I loved Cronin’s beautiful writing style and was soon completely drawn into the story. But what a sad one it was! I felt so much for the main character, who stumbled from one disaster to the next, in an attempt to become the artist he wanted to be. In the end (spoiler alert!), it was only after his death that the greatness of his art was acknowledged. At least I knew his family was provided for and those who had maligned him and his work during his lifetime were proved wrong. But how drained and depressed I felt after that final chapter! Should I perhaps have invested my emotional energy into reading something more positive and uplifting?

At that point, I remembered a period last year when our church focussed on some of the amazing events during Jesus’ ministry, as recorded in John’s Gospel. Rather than miss something because of how familiar these stories were to me, I decided to take the account of the man born blind (John 9) and write a version in the first person, trying to get right inside the man’s head and imagine what his whole experience of being healed by Jesus must have felt like. What a journey it was for me too! Here is how I began:

I cannot see, but I hear him nearby, this man they call Jesus. He says he is the light of the world and that the work of God will be displayed in my life. But who is he? What does that mean?

Now I hear him spitting and feel his hands gently putting mud on my eyes. What is this all about?

Then he orders me to go to Siloam … and I know I need to do exactly as he says.

I wash—and things begin to take shape around me! For the first time, I see people and animals

and houses and sky

and trees and earth

and food and water

and … oh so much!

I see colour and light and shade and am overwhelmed with the brightness and variety before me.

I try to adjust to it all, as my heart bursts within me. Who is this Jesus who has opened my eyes?

Have you had time lately to read some of those amazing accounts of Jesus’ ministry here on earth? These stories are powerful. These stories are true. These stories are worth investing our time in. And these stories can be life-changing, as we allow God’s Spirit to speak to us through them and impact us in a deep way.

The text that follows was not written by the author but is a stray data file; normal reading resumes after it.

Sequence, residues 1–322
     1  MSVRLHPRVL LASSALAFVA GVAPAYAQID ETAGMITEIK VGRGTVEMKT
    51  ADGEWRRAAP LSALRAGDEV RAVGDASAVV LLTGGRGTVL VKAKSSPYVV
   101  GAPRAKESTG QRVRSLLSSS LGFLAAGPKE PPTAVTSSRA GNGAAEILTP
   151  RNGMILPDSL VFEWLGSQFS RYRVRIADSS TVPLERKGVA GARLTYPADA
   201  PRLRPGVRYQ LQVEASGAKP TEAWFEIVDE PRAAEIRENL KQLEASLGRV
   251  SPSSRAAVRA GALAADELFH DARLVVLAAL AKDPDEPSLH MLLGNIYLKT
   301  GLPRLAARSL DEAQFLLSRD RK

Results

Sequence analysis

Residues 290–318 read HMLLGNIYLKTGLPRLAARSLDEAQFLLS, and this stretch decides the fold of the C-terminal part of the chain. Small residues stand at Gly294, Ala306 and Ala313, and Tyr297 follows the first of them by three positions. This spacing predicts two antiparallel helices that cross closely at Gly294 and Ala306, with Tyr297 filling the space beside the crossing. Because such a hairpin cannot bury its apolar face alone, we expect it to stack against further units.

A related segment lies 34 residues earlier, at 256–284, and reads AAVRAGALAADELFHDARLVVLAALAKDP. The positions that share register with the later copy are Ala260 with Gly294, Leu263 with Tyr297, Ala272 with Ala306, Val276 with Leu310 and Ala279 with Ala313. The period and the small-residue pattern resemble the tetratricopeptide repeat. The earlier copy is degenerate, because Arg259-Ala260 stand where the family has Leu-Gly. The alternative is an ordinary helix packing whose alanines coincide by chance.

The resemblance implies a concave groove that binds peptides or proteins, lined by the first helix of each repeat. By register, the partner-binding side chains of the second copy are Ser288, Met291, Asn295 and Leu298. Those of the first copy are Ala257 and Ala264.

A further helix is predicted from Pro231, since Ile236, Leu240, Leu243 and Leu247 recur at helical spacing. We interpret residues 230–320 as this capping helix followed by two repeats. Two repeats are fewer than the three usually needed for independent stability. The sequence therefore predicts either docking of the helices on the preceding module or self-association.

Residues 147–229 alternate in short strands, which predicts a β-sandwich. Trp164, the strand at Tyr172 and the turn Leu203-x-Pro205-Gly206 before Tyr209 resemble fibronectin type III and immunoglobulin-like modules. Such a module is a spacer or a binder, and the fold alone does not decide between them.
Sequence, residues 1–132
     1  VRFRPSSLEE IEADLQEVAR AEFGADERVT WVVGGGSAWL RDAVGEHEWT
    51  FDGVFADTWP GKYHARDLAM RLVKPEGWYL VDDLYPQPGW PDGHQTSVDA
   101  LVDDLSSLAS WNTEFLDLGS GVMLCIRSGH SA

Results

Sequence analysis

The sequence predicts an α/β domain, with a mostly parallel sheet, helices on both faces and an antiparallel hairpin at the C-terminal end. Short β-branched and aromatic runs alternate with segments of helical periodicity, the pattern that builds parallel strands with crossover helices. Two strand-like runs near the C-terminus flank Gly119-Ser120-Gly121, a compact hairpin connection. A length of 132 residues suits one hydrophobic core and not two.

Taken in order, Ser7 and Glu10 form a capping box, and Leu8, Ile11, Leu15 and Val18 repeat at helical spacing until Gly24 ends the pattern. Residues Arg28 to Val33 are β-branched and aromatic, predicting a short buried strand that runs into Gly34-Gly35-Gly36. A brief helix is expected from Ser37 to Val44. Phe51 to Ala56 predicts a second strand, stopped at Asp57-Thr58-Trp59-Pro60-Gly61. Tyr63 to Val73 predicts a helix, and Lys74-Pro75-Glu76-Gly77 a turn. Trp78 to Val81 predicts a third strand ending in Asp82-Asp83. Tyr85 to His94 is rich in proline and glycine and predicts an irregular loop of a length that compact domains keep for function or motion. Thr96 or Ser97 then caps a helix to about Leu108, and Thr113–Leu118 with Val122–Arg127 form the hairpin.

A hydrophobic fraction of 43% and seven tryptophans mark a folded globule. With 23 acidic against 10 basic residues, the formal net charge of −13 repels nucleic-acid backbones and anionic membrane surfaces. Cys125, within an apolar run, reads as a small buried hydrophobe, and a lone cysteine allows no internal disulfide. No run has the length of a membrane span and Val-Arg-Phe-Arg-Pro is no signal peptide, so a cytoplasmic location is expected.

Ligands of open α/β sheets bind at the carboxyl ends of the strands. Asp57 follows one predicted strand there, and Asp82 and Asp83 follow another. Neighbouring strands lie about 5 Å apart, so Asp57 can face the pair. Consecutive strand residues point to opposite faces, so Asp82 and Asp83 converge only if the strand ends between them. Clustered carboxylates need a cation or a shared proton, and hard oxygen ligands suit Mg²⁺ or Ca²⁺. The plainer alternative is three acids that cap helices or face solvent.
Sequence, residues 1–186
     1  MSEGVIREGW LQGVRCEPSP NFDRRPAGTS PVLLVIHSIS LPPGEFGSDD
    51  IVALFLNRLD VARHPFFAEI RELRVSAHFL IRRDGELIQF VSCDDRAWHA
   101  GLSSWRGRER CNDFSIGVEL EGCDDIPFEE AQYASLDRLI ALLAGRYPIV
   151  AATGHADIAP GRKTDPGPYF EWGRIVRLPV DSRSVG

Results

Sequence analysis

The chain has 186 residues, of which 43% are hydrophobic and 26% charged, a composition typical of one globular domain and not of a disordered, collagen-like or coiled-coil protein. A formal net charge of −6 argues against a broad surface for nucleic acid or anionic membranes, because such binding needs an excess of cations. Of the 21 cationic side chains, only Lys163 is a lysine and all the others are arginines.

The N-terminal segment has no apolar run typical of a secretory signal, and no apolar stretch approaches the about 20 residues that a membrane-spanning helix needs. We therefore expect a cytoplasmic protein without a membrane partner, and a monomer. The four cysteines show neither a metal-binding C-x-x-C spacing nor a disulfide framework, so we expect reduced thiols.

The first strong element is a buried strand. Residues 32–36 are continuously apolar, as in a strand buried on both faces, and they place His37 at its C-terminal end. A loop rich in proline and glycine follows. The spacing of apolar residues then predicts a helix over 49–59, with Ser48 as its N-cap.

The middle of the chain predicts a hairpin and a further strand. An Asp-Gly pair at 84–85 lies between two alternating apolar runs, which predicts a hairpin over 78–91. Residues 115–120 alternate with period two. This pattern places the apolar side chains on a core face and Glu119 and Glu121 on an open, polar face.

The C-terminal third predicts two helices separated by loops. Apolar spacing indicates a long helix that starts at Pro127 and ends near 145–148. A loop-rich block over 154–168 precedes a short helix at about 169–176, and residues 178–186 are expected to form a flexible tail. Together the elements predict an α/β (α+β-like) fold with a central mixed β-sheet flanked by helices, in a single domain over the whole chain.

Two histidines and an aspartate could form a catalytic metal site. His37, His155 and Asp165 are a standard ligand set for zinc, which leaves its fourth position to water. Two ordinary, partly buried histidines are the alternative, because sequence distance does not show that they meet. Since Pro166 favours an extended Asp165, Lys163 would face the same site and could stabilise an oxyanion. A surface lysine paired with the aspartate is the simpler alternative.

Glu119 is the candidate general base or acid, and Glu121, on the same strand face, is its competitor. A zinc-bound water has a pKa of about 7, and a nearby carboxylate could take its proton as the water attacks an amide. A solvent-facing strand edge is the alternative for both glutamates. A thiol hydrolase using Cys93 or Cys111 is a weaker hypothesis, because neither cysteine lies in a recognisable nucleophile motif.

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Jo 12In this season of State of Origin Rugby League, we hear much good-humoured and not so good-humoured ribbing of Queenslanders by those from south of the border—and vice versa. It brings back memories of a comment made years ago as we drove over the border from New South Wales to see our families in Brisbane during daylight saving: ‘You are now entering Queensland. Turn your watch back ten years and one hour!’ I never quite knew whether to laugh at this or not, since I was born in Brisbane, as was my husband. And, despite having lived elsewhere for years, we still remember our home state with affection.

Recently, memories of our Queensland years returned in force when we drove to Toowoomba for me to speak at a writers’ retreat. My husband spent many of his growing-up years in Toowoomba, so what fun he had, checking out his old home, school and church, as well as catching up with friends!

Meanwhile, as I chatted with the warm and welcoming group of writers at the retreat, I wondered why I felt particularly relaxed and at home. Then I began to notice those interesting little nuances in speech that we hear only from Queenslanders—things like ‘hey’ being added either to the beginning or the end of a sentence or certain vowels being pronounced a little differently or even certain words I had not heard for a long time being used freely. For example, when had I last heard a case referred to as a ‘port’? Such a refreshing, little word to hear again! How many memories were stirred of my growing-up years when, for some time at least, I did in fact carry a ‘port’ to school each day!

From time to time, we need such clear reminders of where we came from in our lives, don’t we—if for no other reason than to be thankful for those earlier years and for the lessons we learnt back then. After all, they helped make us who we are today. But another reason it is good to remember our past is so that we can be truly thankful for the journey God has taken us on since then and how God has guided and sustained us through all the twists and turns of our lives. We can so easily forget God’s part in all that has happened for us, don’t you think? In particular, we can so easily take for granted the amazing grace shown to us in being offered a place in God’s family at all—a place where we truly belong, whatever our background.

Therefore, remember that formerly you who are Gentiles by birth and called “uncircumcised” … remember that at that time you were separate from Christ, excluded from citizenship in Israel and foreigners to the covenants of the promise, without hope and without God in the world. But now in Christ Jesus you who once were far away have been brought near through the blood of Christ. Ephesians 2:11-13

So am I a Queenslander or a New South Welshman now, after all these years? I don’t know. But I do know I am part of God’s family. I remember how Jesus Christ made that all possible. I remember where I came from—and I am so grateful.